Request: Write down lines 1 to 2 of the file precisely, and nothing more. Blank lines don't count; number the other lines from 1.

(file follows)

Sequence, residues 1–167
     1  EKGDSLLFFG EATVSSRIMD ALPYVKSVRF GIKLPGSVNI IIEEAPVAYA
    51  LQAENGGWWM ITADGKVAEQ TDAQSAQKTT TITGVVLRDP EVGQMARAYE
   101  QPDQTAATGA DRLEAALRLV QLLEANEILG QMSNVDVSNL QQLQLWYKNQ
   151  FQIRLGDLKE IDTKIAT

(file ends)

Sequence, residues 1–167
     1  EKGDSLLFFG EATVSSRIMD ALPYVKSVRF GIKLPGSVNI IIEEAPVAYA